“People interested in personal branding need to start marketing themselves like the celebrities and influential people that they look up to every day,“ explains Jason Wong, CEO of Wonghaus Ventures. His own personal brand has gone viral several times, over subjects like ice cream in Japan, inflatable pool toys and memes, earning him the title of the “Meme King.” His success often comes from studying trends and popular individuals on different social media platforms and then implementing them with a twist. Creatively dissecting social analytics and establishing the next big trend can be within your grasp too, if you pay attention across all social media platforms and not simply focus narrowly on one of them.
Live your brand.
As mentioned before, one of the ways you can make building a personal brand difficult on yourself is to separate your brand from your personal life. While certainly doable, it’s easier when initially creating a personal brand to have your actual lifestyle and brand be one and the same.
Tim Salau, community builder and founder of Mentors & Mentees, who works with college students to help them build brands that will get them hired, believes in this idea as well. “Your personal brand should follow you everywhere you go. It needs to be an authentic manifestation of who you are and amplify what you believe.” With this in mind, your personal brand is not only a reflection of a series of job functions like marketing, finance or creative but also ideals like giving back, thoughtful leadership or mentorship.
Let other people tell your story.
The best PR is by word of mouth. Creating a personal brand in the public sphere is no exception to this rule. Aaron Orendorff, editor in chief at Shopify Plus, tells his personal story through lively videos and the occasional bunny co-host or two and his audience remembers. They’re able to recall the bright outfits and the animal friends and tie those pieces of the story to their interpretation of his brand. As he eloquently states: “Personal branding is the story people tell about you when you’re not in the room.” Jessie Maltin, co-host of Maltin On Movies works with her father, renowned film critic Leonard Maltin and has watched him build his career over the past several decades. “All you have in your life is your name and the reputation you garner.”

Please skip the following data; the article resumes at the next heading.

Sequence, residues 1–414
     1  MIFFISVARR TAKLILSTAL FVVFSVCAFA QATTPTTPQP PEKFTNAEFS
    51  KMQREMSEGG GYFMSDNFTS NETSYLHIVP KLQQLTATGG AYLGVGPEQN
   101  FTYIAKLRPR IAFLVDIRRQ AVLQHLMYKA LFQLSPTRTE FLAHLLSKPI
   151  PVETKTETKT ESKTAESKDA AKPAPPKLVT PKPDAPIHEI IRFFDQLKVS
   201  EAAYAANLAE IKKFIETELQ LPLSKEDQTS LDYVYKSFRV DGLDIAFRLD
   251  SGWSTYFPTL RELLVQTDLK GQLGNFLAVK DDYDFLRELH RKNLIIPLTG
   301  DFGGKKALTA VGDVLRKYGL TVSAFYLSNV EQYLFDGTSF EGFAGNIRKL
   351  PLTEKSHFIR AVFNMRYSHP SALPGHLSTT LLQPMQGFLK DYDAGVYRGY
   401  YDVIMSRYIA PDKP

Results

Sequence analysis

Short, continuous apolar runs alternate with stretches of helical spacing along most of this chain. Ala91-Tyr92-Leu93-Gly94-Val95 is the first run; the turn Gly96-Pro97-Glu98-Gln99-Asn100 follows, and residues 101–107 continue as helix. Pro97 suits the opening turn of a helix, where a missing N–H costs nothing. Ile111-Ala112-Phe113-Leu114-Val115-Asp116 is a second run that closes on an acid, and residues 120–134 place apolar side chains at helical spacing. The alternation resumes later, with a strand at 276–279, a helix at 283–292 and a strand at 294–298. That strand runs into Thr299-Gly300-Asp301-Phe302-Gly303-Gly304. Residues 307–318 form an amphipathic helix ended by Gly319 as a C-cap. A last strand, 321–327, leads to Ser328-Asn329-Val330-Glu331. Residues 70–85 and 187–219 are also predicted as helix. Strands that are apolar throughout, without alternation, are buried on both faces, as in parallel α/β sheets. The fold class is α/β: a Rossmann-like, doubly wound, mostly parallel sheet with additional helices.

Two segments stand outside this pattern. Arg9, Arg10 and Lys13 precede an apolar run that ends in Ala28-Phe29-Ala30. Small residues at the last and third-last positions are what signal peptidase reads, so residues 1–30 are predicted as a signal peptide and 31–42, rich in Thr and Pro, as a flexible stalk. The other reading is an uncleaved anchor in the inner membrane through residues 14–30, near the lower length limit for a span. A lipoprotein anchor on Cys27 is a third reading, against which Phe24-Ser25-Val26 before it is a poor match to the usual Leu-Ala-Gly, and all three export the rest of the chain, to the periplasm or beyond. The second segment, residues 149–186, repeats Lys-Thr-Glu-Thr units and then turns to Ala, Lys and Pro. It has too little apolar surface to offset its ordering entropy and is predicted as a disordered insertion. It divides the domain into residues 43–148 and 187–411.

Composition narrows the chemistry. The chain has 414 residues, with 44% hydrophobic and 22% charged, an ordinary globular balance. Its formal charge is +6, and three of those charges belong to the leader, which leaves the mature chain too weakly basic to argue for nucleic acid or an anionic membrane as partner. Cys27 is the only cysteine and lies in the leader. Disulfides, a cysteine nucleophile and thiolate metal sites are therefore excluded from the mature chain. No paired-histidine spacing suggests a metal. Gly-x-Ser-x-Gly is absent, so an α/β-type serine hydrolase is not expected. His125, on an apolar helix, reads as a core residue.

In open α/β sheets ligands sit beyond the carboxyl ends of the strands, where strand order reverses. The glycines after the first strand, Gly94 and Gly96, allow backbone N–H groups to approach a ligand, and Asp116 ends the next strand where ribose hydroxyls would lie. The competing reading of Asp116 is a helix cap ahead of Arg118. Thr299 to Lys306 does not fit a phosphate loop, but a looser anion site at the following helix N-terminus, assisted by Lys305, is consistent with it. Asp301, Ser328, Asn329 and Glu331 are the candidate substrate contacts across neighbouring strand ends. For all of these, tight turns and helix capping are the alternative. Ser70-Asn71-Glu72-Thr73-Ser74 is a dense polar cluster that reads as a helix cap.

Leave a legacy.
Once you’ve built your personal brand with a reputation and community behind it, the next step is to think about the legacy that you’ll leave behind. What are the keywords and actions that you want to be known for? Blake Jamieson, artist at Blake Jamieson LLC, who paints pop art portraits of famous tech and sports heroes reminds us that: “Building a personal brand is much bigger than building a business. The only exit strategy is legacy.”
A personal brand is a lifelong project that constantly evolves and changes. Even the experts who build or enhance the biggest brands in the business know that there are no hard-set rules for creating a personal brand. But these general guidelines help provide first steps, especially if you’re starting a new brand or rebranding.
Creating the right personal brand will not only help you be known in your field and consistently land work but it could be the difference between “Who are you?” and “Thank you for being here” in your career